Chronic pain and prescription opioid use are common in older adults, with prevalent opioid use in 10% of those greater than 65 years of age. Epidemiological investigations have noted accelerated rates of cognitive decline in older adults with chronic pain,1 and recent evidence suggests that opioid use may be a risk factor.2?4 Our preliminary data from the Mayo Clinic Study of Aging (MCSA) shows a more than 30% increase in the odds of prevalent mild cognitive impairment (MCI) or Alzheimer?s disease dementia in those utilizing prescription opioids at study enrollment. If the association between opioid use and clinically-relevant cognitive decline is confirmed, it would have profound consequences for the management of chronic pain in older adults. The long-range goal of the applicant is to become a successful independent translational clinician-scientist leading a multidisciplinary team to optimize analgesic, cognitive, and quality of life outcomes in older adults. The scientific objectives of this application are: 1) to evaluate the relationships between prescribed opioids and longitudinal changes in global and domain-specific cognitive function in a population-based study of older adults, 2) to assess the relationships between prescribed opioids and longitudinal changes in brain morphometry, and 3) to explore the perceptions of older adults with chronic pain on the impact of opioids on analgesia and cognition through qualitative analysis. The training goals of the applicant involve 4 areas: epidemiology, cognitive outcome assessment, structural neuroimaging, and qualitative methods.
Aim 1 : To evaluate the relationships between opioid prescriptions, longitudinal changes in global and domain- specific cognitive z-scores, and incident MCI or dementia in a population-based cohort of older adults. Utilizing the resources available through the MCSA, including longitudinal assessments of global and domain-specific cognition and diagnostic evaluations for MCI and dementia, we will assess the relationships between prescription opioid use and cognition with appropriate adjustment for confounding variables.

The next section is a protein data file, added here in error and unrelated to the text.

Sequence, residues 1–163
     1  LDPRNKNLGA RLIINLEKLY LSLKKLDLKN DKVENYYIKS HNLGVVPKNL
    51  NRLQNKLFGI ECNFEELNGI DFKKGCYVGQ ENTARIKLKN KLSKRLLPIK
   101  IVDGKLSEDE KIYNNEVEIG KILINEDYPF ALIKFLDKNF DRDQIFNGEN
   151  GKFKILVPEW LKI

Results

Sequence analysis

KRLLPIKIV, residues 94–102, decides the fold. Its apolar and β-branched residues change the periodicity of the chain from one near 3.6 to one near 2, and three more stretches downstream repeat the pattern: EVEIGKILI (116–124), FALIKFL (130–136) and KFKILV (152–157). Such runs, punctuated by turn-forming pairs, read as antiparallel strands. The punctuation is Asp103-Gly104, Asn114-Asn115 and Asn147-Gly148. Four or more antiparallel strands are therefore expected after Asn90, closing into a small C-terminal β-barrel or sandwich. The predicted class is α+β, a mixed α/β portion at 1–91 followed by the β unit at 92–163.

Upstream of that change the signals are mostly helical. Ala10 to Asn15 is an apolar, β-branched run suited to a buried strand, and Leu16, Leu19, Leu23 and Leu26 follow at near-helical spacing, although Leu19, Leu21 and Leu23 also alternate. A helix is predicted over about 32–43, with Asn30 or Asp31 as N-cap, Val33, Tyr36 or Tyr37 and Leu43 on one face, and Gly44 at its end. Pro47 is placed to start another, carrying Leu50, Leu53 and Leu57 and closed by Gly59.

Aim 2 : To assess the relationships between prescribed opioids and longitudinal changes in brain morphometry in a broad population-based cohort of older adults enrolled in the MCSA. Utilizing longitudinal MRI data from the MCSA, we will assess the relationships between prescription opioids, changes in brain structure, and neuropsychological outcomes.
Aim 3 : To describe the experiences and perceptions of older adults with chronic pain on the impact of opioids on analgesia and cognition through qualitative analysis. We will employ qualitative methods to explore perceptions and experiences of opioid therapy for chronic pain management, including analgesic efficacy and concerns for short- and long-term changes in cognition.
This research evaluates the relationships between prescription opioid use, cognitive outcomes, and changes in brain morphometry in large population-based cohort of community-dwelling older adults, while also assessing their perceptions and experiences regarding the impact of opioids on pain and cognition. Opioid use is common in older adults (prevalence of approximately 10% in those >65 years of age) and may represent a modifiable risk factor for cognitive impairment and dementia. In this research, we will utilize a mixed methods approach, including prospectively-obtained epidemiological and neuroimaging data, and qualitative methodologies to assess the relationships between opioid use and cognition in older adults.